1997 – Princess Diana of Wales died at age 36 in a car crash in Paris. Her companion, Dodi Fayed, and their chauffeur were also killed.
1997 - In Phoenix, Az., bounty hunters in search of a bail jumper killed a couple that apparently knew nothing about the sought bail jumper.
1998 – “Titanic” became the first movie in North America to earn more than $600 million.
1998 - In Gaithersburg, Md., boxer Mike Tyson assaulted two motorists following a minor chain-reaction collision. In 1999 he was convicted of assault and sentenced to one year in jail.
1998 - Madonna filed suit against the YMCA to prevent it from building a high-rise residential tower near Lincoln Center in New York City, NY.
1999 - Detroit’s teachers went on strike, wiping out the first day of class for 172-thousand students in one of the largest teachers’ strikes in years. The walkout lasted nine days.
2000 - President Clinton vetoed a bill that would have gradually repealed inheritance taxes, saying it would have benefited the wealthiest Americans while threatening the nation’s financial well-being.
2001 - In Montana a helicopter assigned to the 25,500-acre Fridley fire crashed and 3 crewmen were killed.
2002 - The Los Angeles Sparks beat the New York Liberty 69-66 to defend their WNBA championship.
2003 - The U.S. Environmental Protection Agency declassifies carbon dioxide as a pollutant, a move seen as leading to the elimination of restrictions on industrial emissions of the controversial gas.
2004 - US astronomers reported finding 2 planets orbiting distant stars. One was near 55 Cancri, 41 light-years away; the other was near Gliese 436, 33 light-years away.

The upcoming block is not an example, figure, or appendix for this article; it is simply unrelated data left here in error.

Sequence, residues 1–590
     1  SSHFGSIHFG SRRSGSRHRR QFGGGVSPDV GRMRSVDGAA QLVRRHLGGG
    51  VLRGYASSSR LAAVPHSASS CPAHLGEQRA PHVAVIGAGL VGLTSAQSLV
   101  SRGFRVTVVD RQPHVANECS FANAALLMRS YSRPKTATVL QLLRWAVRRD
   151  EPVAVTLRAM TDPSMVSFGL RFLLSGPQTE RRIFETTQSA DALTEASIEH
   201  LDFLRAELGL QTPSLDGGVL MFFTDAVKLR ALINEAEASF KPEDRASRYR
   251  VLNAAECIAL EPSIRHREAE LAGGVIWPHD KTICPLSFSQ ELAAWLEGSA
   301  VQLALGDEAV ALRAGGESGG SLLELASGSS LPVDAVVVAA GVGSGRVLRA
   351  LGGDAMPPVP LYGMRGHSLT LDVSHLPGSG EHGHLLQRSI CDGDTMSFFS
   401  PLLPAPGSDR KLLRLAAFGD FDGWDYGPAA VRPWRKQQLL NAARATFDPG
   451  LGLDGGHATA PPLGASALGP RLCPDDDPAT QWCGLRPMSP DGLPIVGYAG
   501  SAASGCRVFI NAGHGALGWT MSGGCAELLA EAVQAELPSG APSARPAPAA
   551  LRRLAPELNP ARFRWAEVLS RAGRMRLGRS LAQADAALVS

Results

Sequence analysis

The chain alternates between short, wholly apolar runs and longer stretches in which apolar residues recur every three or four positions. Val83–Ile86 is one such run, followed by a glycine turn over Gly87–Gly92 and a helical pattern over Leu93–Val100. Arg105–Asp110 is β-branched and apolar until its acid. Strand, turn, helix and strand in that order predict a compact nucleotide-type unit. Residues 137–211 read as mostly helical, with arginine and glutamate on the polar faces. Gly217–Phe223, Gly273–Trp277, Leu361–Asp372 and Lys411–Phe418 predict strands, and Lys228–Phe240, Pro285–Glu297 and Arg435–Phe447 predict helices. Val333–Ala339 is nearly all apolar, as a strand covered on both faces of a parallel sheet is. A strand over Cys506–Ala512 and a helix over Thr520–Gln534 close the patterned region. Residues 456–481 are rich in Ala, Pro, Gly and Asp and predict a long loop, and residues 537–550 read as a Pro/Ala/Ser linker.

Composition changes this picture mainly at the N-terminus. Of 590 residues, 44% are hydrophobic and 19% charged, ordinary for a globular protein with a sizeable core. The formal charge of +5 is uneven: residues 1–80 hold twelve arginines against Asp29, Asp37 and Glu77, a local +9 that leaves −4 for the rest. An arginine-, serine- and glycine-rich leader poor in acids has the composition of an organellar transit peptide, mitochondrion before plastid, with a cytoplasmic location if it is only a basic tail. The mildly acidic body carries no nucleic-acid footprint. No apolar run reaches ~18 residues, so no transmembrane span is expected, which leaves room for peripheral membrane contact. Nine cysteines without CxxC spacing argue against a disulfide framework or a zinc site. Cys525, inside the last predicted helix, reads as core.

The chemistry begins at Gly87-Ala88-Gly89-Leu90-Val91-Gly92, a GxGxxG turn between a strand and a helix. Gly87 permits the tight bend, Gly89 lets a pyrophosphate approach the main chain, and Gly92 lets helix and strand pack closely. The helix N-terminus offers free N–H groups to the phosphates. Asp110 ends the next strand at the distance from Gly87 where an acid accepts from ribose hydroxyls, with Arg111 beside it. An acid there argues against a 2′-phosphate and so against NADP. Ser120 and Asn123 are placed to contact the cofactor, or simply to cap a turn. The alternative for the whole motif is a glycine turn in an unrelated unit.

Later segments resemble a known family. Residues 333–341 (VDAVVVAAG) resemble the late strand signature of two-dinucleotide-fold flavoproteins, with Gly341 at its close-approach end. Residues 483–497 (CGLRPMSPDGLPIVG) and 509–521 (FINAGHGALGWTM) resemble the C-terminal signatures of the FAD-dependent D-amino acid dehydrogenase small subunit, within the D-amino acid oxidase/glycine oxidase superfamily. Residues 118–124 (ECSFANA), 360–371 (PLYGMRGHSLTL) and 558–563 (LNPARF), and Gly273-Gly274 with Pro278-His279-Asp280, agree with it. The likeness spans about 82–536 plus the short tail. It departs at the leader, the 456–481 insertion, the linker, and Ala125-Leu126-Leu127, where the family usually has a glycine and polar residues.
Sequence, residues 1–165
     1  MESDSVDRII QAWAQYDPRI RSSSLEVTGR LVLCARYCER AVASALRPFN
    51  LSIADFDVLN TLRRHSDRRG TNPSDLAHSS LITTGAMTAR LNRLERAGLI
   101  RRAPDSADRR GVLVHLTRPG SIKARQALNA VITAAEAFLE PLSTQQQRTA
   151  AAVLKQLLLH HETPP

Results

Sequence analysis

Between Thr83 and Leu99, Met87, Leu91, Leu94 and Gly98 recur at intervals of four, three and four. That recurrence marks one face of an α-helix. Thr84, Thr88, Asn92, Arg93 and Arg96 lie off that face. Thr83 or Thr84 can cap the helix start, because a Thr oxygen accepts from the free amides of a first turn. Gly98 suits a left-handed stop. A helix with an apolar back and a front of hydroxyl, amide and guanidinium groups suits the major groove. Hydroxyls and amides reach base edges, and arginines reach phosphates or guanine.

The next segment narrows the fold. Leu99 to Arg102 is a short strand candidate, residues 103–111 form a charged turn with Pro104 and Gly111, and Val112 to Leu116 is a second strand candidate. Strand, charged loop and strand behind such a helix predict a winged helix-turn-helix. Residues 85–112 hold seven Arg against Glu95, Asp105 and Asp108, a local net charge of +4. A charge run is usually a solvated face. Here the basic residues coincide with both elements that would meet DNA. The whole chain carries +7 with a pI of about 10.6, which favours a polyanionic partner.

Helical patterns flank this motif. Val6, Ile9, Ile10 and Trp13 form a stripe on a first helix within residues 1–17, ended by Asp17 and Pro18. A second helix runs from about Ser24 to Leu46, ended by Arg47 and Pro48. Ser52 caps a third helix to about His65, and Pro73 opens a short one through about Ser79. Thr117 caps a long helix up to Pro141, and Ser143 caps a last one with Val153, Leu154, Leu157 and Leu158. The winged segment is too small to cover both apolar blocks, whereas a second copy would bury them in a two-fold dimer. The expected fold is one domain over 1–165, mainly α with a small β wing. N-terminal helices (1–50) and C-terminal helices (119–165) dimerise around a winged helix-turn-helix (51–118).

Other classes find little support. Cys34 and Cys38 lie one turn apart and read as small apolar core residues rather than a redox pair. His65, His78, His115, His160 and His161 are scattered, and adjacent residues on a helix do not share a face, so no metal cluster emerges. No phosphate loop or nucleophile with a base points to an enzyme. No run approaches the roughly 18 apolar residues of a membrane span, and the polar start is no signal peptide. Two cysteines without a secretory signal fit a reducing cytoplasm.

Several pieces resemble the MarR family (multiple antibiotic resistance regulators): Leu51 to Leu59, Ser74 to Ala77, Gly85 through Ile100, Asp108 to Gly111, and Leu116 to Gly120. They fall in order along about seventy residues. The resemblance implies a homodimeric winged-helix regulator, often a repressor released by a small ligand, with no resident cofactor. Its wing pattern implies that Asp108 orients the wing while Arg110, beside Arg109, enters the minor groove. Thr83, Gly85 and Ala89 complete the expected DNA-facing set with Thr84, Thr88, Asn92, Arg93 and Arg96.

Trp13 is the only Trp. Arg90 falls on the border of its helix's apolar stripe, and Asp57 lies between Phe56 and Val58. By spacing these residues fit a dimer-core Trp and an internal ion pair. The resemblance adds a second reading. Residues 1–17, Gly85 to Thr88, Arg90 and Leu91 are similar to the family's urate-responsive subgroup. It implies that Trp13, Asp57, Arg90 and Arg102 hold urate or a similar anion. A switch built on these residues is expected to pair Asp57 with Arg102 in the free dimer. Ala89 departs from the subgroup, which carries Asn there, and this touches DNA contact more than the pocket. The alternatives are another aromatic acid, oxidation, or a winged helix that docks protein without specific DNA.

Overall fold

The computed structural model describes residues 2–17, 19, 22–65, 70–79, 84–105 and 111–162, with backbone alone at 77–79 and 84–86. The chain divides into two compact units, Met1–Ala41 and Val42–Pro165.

2004 – Iraq: A video purporting to show the methodical, grisly killings of twelve Nepalese construction workers kidnapped in Iraq was posted on a Web site linked to a militant group operating in Iraq.
2004 - Tropical Storm Gaston flooded Richmond and other parts of central Virginia with a foot or more of rain. Five people were killed.
2005 - The Bush administration said it will release oil from federal petroleum reserves to help refiners affected by Hurricane Katrina.
2005 – New Orleans Mayor Ray Nagin announced that the planned sandbagging of the 17th Street Canal levee breach had failed. At the time, 85% of the city was underwater.
2005 - At least 25,000 of Hurricane Katrina’s refugees, a majority of them at the New Orleans Superdome, began traveling in a bus convoy to Houston and will be sheltered at the 40-year-old Astrodome.
2006 - President George Bush, speaking in Salt Lake City, predicted victory in the war on terror, likening the struggle against Islamic fundamentalism with the fight against Nazis and communists.
2006 - NASA awarded a multibillion contract to Lockheed Martin Corp. to send astronauts to the moon and maybe on to Mars. The projected Orion crew exploration vehicle program will cost an estimated $7.5 billion through 2019.
2007- The 9th U.S. Circuit Court of Appeals in San Francisco denied an appeal from the Teamsters, the Sierra Club and other groups on Aug. 31, to allow Mexican trucks to cross or borders with no controls.
2007 – Mike Nifong, the disgraced former district attorney of Durham County, N.C., was sentenced to a day in jail after being held in criminal contempt of court for lying to a judge when pursuing rape charges against three falsely accused Duke University lacrosse players.